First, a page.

Production in Europe is expected to fall this coming year, according to Matthew Spence, executive secretary for peak body Onions New Zealand, which may widen the opportunities in a market window that has been steadily shrinking for New Zealand.
“New Zealand’s window of opportunity hasn’t been increasing into the UK and Europe,” he told Fruitnet.com today. “Some years ago it was 10-12 weeks, now it’s four to six weeks in February-March.”
Europe and the UK are by far New Zealand’s largest onion export markets, he explained.
Concern over the quality of Japan’s domestic stored onion crop has also caught the attention of some of New Zealand’s exporters.
“The indications there are looking better than previous years,” explained Simon Vale of major grower Southern Fresh Produce. “I think they had a cool season with some more rain around harvest time than they would have liked. But with the recession as well, maybe a smaller crop will be enough for them.”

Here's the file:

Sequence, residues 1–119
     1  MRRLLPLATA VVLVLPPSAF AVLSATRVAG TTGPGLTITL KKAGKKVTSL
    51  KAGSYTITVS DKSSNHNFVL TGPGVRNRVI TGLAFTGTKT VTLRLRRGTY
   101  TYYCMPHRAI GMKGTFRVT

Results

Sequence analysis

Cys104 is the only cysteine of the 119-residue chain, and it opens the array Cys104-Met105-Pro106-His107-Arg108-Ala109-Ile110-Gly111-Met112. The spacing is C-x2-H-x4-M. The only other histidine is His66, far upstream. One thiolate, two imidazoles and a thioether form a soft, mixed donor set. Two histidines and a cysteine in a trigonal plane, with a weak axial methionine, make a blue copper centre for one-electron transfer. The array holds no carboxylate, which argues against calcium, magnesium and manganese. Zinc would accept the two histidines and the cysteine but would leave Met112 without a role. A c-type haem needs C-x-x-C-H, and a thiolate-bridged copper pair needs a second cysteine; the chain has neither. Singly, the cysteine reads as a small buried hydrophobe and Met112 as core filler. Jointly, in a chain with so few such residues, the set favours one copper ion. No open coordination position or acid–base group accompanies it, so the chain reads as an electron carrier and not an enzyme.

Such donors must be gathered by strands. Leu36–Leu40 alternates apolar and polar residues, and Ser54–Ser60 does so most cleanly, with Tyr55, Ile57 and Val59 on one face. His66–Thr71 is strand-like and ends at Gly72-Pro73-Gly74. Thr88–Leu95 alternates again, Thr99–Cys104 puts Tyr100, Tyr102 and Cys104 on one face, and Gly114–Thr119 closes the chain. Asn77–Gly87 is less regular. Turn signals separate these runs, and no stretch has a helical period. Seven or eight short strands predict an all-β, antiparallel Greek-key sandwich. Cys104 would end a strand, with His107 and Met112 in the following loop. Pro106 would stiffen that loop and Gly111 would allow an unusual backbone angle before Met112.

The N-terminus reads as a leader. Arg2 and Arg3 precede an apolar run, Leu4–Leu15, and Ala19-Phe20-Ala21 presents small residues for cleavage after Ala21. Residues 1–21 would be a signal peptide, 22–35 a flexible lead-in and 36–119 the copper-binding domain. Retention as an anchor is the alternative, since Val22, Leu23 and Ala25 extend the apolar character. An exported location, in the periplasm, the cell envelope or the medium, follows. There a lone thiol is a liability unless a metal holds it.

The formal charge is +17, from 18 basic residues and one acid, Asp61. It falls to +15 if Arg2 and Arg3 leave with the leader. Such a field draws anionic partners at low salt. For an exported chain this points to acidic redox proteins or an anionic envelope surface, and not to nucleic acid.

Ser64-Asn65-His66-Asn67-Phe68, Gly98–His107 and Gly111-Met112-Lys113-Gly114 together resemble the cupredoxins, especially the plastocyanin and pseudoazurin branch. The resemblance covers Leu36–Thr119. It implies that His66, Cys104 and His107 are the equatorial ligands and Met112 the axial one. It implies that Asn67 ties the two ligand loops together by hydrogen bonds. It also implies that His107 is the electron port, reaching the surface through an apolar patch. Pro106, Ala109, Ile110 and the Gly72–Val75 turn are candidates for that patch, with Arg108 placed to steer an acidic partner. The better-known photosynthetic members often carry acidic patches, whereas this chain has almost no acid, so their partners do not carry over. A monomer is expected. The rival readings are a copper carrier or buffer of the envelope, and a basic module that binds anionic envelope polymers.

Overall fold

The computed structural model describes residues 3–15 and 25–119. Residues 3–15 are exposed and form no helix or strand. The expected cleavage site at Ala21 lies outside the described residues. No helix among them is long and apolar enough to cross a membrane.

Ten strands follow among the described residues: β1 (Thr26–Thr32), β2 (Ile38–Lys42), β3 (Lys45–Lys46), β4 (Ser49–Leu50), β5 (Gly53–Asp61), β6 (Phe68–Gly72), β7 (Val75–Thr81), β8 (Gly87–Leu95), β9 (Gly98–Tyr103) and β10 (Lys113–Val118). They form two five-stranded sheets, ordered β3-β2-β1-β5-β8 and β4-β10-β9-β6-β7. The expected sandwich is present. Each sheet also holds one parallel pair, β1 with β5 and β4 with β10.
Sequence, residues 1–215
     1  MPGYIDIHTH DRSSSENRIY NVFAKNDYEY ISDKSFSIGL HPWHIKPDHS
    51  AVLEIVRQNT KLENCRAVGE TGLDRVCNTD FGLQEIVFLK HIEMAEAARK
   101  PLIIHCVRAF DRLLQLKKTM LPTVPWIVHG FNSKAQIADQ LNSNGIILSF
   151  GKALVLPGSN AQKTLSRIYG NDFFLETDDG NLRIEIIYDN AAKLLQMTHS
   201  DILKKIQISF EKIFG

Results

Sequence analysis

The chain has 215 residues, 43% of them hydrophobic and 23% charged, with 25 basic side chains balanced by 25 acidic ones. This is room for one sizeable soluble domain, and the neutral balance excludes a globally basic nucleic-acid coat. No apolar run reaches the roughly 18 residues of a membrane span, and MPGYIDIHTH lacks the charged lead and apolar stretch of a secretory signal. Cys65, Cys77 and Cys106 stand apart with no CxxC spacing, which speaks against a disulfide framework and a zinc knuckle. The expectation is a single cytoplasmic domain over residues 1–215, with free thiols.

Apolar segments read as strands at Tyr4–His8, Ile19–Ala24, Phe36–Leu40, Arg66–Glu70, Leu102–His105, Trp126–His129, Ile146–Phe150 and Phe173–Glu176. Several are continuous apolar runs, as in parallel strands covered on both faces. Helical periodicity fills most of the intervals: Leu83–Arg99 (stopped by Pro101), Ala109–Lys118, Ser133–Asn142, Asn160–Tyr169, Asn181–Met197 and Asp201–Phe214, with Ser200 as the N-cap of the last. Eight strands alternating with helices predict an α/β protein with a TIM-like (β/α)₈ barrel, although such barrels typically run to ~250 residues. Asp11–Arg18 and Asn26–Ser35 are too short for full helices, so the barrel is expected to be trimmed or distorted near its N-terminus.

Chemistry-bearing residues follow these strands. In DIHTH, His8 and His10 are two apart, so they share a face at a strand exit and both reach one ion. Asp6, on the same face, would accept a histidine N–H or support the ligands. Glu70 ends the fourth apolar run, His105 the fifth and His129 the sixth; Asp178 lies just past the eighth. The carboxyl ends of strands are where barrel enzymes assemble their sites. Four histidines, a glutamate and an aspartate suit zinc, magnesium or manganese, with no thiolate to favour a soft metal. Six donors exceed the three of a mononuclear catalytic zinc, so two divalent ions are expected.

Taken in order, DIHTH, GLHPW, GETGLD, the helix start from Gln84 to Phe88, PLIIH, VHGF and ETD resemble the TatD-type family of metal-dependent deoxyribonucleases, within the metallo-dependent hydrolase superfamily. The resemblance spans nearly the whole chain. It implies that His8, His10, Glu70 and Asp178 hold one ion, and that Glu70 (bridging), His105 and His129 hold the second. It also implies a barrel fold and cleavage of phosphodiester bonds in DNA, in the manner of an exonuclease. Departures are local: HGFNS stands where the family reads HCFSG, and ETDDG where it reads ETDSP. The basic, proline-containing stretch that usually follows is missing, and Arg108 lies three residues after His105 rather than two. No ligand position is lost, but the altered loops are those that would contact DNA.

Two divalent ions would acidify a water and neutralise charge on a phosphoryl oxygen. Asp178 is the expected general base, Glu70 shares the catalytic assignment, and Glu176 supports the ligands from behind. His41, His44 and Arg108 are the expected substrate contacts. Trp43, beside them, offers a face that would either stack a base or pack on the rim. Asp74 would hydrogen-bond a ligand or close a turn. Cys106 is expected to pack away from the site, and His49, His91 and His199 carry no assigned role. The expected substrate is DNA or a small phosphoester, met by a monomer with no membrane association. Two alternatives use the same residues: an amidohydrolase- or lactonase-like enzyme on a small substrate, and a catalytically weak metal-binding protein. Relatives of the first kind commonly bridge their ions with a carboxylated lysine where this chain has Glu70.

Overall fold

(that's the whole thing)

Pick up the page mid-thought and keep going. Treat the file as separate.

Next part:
David Brasell at grower-exporter DM Palmer agrees the opportunities in Japan are looking better, and said his company had planted an increased area dedicated to the Japanese market, which demands larger-sized onions than most others.
Negotiations are also underway with the Indonesian government to open the market to New Zealand onions in time for the January harvest peak.
The country’s onion season is set to start in around 2 weeks, several weeks later than last year, and is expected to yield roughly the same volume harvest as the 2008/09 crop from a slightly increased acreage.
“The planted area is marginally up on last year,” said Mr Spence. “Planted area is 4,800ha for this coming season, while last year it was 4,675ha.”